Author: Degeest, Roland
Publication Date & Place: 2000 / Turnhout
(Antiquarian / Condition: New)
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Studies in Eastern Mediterranean Archaeology III -SEMA III
350 pp, b/w figures, pb, in English.
By far the most common archaeological finds consist of potsherds. Although the study of ceramics started at an early date, discrepancies and lacunae are rife in this area of archaeological research. For the Roman period the so-called fine wares have always attracted more interest than the more utilitarian ceramics. Although this situation has been rectified to a large extent in the Roman west, the eastern part of the empire remains by and large terra incognita, with most of the effort going into the study of fine wares. A second discrepancy exists between the coastal areas, which are rather well known, and the inland sites, specifically in Asia Minor.
This book is one of the first attempts to rectify at least in part the existing situation by studying the common wares of the Roman town of Sagalassos in Pisidia from the first to the middle of the seventh century. The research on a previously unknown pottery manufacturing centre is placed within the wider framework of pottery research in the eastern Mediterranean, but contrary to most of the extant studies, the chosen approach is not limited to typology and chronology.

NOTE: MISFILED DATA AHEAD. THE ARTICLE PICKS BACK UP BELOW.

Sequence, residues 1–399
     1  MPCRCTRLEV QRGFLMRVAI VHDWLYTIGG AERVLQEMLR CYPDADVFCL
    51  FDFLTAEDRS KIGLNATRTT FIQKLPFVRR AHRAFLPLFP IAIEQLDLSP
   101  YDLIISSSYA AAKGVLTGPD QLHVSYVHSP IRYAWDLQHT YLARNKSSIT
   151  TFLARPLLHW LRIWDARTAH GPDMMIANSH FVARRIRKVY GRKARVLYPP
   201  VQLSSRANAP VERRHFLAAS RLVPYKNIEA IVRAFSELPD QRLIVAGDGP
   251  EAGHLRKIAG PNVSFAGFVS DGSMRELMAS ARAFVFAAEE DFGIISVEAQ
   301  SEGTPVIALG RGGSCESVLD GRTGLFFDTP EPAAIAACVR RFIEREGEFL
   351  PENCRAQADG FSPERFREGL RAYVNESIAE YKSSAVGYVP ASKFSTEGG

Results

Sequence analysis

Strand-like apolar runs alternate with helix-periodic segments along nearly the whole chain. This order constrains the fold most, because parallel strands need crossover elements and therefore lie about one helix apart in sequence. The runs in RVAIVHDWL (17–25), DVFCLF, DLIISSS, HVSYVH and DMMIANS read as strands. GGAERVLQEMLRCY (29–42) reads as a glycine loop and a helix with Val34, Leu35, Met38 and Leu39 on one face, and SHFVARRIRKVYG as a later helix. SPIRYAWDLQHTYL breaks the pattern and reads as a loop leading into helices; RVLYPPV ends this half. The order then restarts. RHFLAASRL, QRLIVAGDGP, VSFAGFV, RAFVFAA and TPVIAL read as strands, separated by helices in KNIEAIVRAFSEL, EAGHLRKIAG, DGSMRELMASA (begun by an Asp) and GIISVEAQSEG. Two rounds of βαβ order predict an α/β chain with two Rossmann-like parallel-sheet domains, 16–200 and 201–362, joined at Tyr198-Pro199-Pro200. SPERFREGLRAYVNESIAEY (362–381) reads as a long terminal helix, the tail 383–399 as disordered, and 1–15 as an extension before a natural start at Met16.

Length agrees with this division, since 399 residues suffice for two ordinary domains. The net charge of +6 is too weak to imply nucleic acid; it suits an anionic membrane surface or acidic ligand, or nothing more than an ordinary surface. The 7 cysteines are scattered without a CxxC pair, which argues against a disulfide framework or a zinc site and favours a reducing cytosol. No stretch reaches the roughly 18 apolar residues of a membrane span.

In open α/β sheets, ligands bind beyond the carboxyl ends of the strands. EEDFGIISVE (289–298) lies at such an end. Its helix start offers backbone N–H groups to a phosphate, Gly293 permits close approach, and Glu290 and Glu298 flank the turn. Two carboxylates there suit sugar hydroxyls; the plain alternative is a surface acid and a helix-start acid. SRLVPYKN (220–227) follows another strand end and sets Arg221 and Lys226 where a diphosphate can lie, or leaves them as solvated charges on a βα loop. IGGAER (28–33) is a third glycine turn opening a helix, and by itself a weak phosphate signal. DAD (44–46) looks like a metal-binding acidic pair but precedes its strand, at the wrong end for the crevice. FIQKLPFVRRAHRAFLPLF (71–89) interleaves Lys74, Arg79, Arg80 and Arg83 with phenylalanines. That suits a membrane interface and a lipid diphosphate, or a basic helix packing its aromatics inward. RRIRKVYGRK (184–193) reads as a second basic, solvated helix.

Also included are a full mineralogical/chemical analysis of the different fabrics, both local and imported, while the full typological spectrum of wares and types is described, quantified and illustrated. As such it represents a major addition to the ceramics research concerning the eastern Roman empire.